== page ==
Landscape was one of the first topics that Lichtenstein turned to following his comic-inspired Pop breakthrough, and one to which he returned with some regularity. He was drawn to clichéd or dated subjects, and the genre of landscape seemed appealingly remote from avant-garde concerns. While their subject matter seems unlike Lichtenstein's early Pop comic paintings, his painted landscapes were in fact appropriated from the backgrounds of cartoon scenes. Lichtenstein used the same durable halftone dots but here distilled the compositions down to the most basic pictorial elements. The results progress from more overtly representational works like Sunrise (1965) to almost completely abstract works like the blue Seascape (1964). The black outlines present in Sunrise disappear, leaving bands of solid color and massed groupings of dots to define the pictorial space—ocean, mountains, sky.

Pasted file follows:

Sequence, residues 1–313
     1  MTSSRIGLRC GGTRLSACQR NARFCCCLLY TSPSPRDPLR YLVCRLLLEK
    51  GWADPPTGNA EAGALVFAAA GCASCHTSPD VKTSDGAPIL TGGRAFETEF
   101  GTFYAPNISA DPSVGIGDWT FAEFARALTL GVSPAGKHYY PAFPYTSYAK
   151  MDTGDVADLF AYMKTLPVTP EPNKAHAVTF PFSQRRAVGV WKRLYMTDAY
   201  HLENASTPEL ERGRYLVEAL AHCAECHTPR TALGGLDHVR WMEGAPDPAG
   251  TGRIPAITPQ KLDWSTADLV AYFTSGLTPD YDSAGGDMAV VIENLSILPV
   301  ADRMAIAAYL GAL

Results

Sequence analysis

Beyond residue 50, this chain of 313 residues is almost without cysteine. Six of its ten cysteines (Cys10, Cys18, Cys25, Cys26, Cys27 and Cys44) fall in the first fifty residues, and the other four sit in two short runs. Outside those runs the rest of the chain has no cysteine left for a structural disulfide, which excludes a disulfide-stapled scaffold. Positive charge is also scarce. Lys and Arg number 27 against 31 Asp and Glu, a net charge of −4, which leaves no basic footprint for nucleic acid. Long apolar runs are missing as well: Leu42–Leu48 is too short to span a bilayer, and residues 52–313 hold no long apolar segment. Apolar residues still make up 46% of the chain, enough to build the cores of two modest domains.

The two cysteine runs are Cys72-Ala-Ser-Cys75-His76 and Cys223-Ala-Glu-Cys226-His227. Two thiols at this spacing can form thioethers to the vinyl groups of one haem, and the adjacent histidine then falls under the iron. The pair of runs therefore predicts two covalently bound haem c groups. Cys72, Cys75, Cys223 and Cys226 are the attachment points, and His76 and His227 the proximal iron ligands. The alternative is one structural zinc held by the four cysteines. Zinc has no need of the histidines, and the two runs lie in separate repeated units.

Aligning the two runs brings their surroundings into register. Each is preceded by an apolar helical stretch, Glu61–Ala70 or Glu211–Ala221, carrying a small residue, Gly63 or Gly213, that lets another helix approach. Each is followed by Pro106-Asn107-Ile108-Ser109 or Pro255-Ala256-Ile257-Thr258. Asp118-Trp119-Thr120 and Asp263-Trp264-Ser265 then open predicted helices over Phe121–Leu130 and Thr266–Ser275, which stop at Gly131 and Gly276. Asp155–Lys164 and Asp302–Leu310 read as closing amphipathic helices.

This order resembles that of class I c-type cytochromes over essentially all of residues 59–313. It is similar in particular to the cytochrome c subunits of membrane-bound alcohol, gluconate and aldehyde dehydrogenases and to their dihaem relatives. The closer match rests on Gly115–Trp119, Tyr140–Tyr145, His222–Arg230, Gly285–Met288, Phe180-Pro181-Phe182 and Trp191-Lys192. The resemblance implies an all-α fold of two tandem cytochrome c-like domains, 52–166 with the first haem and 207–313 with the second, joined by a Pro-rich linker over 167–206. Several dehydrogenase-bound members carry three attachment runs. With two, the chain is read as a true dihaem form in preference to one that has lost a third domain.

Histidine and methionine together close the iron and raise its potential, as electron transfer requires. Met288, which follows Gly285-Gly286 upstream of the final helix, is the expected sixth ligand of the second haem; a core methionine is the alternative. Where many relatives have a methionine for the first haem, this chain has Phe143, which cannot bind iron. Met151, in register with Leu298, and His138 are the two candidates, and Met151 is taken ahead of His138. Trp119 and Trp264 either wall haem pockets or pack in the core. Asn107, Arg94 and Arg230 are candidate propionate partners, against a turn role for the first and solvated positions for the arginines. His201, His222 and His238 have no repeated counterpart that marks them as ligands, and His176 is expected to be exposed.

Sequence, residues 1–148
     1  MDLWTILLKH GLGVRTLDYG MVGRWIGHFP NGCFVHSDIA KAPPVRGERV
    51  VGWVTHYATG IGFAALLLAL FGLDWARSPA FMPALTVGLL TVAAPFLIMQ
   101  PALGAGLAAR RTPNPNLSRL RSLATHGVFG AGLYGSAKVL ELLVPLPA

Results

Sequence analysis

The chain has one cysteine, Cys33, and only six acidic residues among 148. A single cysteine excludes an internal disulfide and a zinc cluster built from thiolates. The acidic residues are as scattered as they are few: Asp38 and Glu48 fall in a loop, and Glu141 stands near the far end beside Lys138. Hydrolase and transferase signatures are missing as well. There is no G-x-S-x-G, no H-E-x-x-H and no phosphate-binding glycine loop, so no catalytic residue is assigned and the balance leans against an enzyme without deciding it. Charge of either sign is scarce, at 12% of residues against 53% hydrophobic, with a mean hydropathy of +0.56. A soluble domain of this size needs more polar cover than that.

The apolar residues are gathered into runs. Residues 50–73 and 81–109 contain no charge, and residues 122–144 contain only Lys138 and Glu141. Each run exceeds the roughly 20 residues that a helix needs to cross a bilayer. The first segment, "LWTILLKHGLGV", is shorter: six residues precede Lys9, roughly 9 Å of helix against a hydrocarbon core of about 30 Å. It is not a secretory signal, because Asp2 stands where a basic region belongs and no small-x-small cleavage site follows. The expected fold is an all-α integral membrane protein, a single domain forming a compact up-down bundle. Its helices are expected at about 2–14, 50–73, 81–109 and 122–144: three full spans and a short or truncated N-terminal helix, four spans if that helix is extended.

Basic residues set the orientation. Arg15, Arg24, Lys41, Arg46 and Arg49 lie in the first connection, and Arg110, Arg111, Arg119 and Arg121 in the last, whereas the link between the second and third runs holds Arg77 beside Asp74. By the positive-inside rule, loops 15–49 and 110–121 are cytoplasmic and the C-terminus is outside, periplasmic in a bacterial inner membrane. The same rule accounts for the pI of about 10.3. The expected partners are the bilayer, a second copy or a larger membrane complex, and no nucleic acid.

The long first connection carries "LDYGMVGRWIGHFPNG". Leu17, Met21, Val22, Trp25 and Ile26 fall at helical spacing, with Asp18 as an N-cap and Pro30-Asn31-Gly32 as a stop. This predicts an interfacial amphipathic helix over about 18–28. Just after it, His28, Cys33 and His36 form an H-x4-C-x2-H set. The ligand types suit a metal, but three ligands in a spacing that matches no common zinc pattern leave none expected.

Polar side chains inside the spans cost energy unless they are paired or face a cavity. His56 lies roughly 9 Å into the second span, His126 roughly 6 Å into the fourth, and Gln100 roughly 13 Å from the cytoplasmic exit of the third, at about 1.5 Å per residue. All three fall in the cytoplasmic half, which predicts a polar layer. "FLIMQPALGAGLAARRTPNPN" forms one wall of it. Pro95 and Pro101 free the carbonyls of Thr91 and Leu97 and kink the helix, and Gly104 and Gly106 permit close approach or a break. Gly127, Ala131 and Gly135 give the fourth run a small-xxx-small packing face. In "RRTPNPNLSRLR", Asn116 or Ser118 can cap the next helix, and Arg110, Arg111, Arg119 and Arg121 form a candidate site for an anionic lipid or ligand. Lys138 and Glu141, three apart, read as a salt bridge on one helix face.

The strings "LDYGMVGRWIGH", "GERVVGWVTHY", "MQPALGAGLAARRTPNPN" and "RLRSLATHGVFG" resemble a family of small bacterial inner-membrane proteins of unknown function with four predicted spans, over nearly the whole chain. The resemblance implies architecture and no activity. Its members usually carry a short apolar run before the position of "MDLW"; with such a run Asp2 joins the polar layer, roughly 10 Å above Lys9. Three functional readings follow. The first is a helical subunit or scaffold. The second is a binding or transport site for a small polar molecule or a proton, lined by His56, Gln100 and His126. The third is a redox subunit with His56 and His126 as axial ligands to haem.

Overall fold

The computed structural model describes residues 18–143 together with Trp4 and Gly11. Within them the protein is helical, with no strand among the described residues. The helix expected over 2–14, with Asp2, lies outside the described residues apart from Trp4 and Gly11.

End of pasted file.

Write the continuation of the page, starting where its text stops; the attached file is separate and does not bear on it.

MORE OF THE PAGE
In no other genre was Lichtenstein as experimental with materials and media in his quest to create illusionistic optical effects. Seashore (1964), painted in reverse on the back of multiple, layered sheets of Plexiglas, projects a sense of depth. Seascape (1965) and Pink Seascape (1965) utilize the reflective surface of Rowlux, a lenticular plastic that conveys the impression of movement, even liquidity, when viewed at different angles. Perforated Seascape #1 (Blue) (1965), a work of enamel on steel, further heightens the sense of movement through the moiré pattern created by its layered construction. In these scenic works, Lichtenstein conveyed the indeterminate essence of light and water, or stylized them through exaggerated curves or straight lines, creating the impression of a landscape in a remarkably economical manner.
Roy Lichtenstein. Sunrise, 1965. © Estate of Roy Lichtenstein. Private Collection.